The real ‘Shabbat crisis’

We now have a chance to rethink what Shabbat means for Israel.

Haredi members of the Knesset are upset over railway maintenance work being performed on Shabbat (photo credit: ISRAEL RAILWAYS)
Haredi members of the Knesset are upset over railway maintenance work being performed on Shabbat
(photo credit: ISRAEL RAILWAYS)
Last week, Health Minister Ya’acov Litzman resigned to protest the state-owned Israel Railways continuing work on Shabbat. As a leader of the United Torah Judaism (UTJ ) party, Litzman said that he could not accept the “collective responsibility” as a cabinet member for any work done on Shabbat.
This “Shabbat crisis” triggered some speculation over whether UTJ would pull out of the coalition and possibly cause the government to collapse. However, Prime Minister Benjamin Netanyahu has confirmed UTJ will remain in. Business as usual has promptly resumed; Netanyahu has said he will hold on to the health portfolio. Yesh Atid leader Yair Lapid urged Netanyahu to choose a new health minister as soon as possible.
Litzman’s resignation surely could have had serious political ramifications, but it was also – and I think even more importantly – a reminder that we Israelis still have not had a real discussion about what Shabbat means in the Jewish state. Indeed, we have tacitly chosen to shelf the issue since 1947, when David Ben-Gurion and Agudat Israel agreed on the “status quo,” which assured that the future Jewish state would not infringe on Orthodox rules regarding Shabbat, kashrut, marriage/ divorce and education.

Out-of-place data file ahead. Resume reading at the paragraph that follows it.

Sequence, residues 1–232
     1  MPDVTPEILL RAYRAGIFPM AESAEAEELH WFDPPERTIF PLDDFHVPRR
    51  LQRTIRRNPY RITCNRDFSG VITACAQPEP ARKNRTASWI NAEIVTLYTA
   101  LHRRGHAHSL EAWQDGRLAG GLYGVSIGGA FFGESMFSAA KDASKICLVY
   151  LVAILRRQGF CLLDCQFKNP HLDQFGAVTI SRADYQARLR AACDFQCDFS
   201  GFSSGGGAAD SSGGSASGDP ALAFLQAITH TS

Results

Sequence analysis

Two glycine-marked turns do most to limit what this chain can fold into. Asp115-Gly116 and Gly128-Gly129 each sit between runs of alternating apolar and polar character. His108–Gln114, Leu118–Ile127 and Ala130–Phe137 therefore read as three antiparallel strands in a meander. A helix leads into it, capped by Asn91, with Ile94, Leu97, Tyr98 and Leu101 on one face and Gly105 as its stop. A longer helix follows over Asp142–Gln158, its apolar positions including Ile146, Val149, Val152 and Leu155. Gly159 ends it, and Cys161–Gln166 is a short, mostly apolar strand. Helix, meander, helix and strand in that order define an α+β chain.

Today, 70 years later, perhaps we can finally have that discussion. With his resignation, Litzman has made his view clear. After living in Israel for a few years, I believe Israel has “kept” Shabbat in a truly special way and that it adds to its culture, character and charm.
But that is really all I can say because I have not given much serious thought to what I want Shabbat to mean in Israel. And when I look to Israel’s leaders for inspiration, I am disappointed to find that I am not the only one. All Netanyahu had to say was, “I am sure we will find a wise solution to the problem,” while Lapid and many others have remained completely silent. It is ironic that we complain about ultra-Orthodox political monopoly over several aspects of Israeli life, yet we cannot or refuse to offer our own alternatives. This is the real Shabbat crisis.
I commend Litzman for standing up for his principles. It is now time for us to have a real discussion about what we want Shabbat in Israel to mean. I encourage Israel’s leaders to go beyond political quibbling and give us their views on the matter, as episodes like this have been happening for decades and will continue happening. To my fellow citizens I say, think hard about what you want Shabbat to mean in the Jewish state; I know I will.
The author is a 21-year-old Jewish Israeli-American from New York City, currently studying for a BA in Israel at IDC Herzliya. He can be reached through email at